Trading safety for speed on the 401

Canada’s busiest highway could be looking at a speed limit increase, jumping from 100 km/h to 120 km/h.

Ontario’s transportation minister Jeff Yurek made the announcement last week that the Conservative government was looking to review speed limits, mentioning the current 400 series highway speed limits are outdated, implemented in the 1970s as a fuel conserving measure. Yurek also stated the 400 series highways were originally designed with the intent of allowing vehicles to travel 120 km/h.

While that may have been the case, the amount of vehicles on the road today has grown exponentially since the ‘70s. So much to the point that Hwy. 407 was deemed necessary to help alleviate congestion in the Greater Toronto Area. Rush hour is no longer limited to just a morning or evening commute, as cars and transport trucks roll through the 828 km long Hwy 401 at all hours of the day and night. In all conditions, rain or shine.

Anyone who has driven Hwy 401 knows that a great deal of drivers already drive upwards of 120 km/h and it’s unlikely a member of the OPP would bother to ticket a car travelling between 110-115 km/h. Raise the legal limit to 120 km/h however and it’s not a stretch to expect drivers to start to creep up to 130 or 140. For perspective, under the current law, anyone caught driving 50 km over a posted limit is considered to be stunt driving.

Talk of raising the speed limit now seems particularly concerning, as just in January the Ontario government saw it fit to impose stiffer penalties on distracted drivers, raising the penalty up to $1,000 for first time offenders while repeat offenders could have to pay up to $3,000 while losing six demerit points.

As it stands the stretch of Hwy 401 that runs through Lennox and Addington County already has its share of problems, particularly come winter time. The terrain may be mostly straight, however shutdowns due to chain reaction pile-ups have become common place in this area. Upping the speed limit would only serve to further reduce the amount of reaction time a driver would have as they approach an unexpected cluster of bumper-to-bumper vehicles. The region’s big stretch of forested areas also make it prone for deer and coyote crossings, which are unpredictable enough as it is without factoring in the decreased reaction time for drivers.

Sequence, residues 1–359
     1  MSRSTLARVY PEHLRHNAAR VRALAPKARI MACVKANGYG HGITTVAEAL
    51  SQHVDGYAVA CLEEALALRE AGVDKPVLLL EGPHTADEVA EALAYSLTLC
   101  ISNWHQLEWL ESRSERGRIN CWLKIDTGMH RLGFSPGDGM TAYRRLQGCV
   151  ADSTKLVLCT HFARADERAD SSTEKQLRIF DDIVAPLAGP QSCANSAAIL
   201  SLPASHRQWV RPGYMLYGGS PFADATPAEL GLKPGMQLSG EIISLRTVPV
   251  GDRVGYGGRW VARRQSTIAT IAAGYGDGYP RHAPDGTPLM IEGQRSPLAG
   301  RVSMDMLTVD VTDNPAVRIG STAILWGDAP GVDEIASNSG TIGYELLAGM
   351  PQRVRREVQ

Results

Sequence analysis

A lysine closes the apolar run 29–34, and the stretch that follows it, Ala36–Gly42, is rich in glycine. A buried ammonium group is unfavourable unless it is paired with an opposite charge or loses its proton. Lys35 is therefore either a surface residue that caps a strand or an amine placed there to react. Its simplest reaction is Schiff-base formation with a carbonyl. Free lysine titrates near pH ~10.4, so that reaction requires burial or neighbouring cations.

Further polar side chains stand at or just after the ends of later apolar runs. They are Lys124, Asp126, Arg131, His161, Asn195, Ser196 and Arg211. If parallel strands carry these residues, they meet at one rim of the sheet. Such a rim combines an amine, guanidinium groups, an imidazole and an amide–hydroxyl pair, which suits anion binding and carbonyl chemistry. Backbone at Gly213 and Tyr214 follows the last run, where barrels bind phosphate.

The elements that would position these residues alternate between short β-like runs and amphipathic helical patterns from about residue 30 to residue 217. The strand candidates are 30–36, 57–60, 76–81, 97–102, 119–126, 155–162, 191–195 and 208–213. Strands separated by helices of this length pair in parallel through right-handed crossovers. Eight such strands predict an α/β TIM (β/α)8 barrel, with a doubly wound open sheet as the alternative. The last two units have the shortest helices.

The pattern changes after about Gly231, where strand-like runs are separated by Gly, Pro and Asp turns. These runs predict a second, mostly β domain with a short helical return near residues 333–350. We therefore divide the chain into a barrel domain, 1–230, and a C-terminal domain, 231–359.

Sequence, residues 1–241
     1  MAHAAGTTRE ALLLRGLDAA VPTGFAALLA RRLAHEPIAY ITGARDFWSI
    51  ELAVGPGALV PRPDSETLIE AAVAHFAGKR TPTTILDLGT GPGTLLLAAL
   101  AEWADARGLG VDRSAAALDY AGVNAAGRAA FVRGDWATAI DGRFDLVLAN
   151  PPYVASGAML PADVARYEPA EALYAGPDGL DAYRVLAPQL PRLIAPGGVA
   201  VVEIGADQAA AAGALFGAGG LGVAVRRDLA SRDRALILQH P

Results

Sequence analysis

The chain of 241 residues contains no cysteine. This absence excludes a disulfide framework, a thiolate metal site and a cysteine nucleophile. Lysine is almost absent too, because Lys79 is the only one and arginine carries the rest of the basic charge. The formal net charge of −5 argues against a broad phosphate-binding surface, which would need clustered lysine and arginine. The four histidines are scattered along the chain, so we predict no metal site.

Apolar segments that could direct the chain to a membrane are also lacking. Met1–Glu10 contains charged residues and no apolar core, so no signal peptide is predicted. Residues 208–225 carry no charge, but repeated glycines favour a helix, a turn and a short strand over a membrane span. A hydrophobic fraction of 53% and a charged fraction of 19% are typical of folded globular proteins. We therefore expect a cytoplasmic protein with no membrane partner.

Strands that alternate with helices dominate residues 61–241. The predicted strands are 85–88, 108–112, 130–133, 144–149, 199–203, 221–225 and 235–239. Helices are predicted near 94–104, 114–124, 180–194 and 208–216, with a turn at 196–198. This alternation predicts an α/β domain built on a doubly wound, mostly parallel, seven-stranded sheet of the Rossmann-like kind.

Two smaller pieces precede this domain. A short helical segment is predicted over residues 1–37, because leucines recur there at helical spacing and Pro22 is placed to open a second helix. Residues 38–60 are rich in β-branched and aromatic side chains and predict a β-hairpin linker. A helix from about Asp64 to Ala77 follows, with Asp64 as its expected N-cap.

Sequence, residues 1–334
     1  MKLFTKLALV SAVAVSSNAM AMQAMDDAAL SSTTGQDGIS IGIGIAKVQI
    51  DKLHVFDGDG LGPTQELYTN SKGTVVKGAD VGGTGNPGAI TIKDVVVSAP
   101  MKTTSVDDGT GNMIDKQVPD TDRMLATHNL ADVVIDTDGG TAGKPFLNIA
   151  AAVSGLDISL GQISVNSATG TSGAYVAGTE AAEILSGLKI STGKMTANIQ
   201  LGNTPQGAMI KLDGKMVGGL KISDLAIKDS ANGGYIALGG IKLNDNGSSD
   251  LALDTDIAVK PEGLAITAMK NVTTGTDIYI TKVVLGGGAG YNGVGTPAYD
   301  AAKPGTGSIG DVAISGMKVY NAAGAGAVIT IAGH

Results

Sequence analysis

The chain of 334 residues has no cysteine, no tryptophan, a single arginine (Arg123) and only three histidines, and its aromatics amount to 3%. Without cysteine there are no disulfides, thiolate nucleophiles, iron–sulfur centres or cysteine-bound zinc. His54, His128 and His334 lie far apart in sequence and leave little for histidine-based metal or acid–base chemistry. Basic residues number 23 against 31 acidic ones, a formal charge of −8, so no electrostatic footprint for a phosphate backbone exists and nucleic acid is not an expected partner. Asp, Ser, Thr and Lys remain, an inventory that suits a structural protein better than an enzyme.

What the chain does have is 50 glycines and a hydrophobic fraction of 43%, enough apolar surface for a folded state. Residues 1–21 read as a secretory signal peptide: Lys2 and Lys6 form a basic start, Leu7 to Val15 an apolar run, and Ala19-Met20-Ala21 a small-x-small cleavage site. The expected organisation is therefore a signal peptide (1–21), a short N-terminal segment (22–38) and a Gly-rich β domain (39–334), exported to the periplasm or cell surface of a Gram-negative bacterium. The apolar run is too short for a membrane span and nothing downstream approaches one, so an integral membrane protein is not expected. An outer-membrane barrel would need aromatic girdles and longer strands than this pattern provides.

With just two lanes in either direction through the region to work with, there’s very little room for error. The problems aren’t exclusively limited to winter however, as last year the September Labour Day weekend saw a shutdown of the 401 in this area, leading to a major backlog in downtown Napanee.

Science has proven time and time again there is truth behind the old adage ‘speed kills.’ As RCMP crash expert Sgt. Bruce McCowan told a B.C. based Global news outlet, speed is often times a major factor in collisions. Not only does it reduce the reaction time of a driver, it creates a much bigger impact when collision occurs.

When it comes to reaching a destination on time, the best thing drivers can do is to leave early and plan for unexpected delays. Any benefit a higher speed limit may bring would most certainly be negated by an increased risk to public safety.

-Adam Prudhomme

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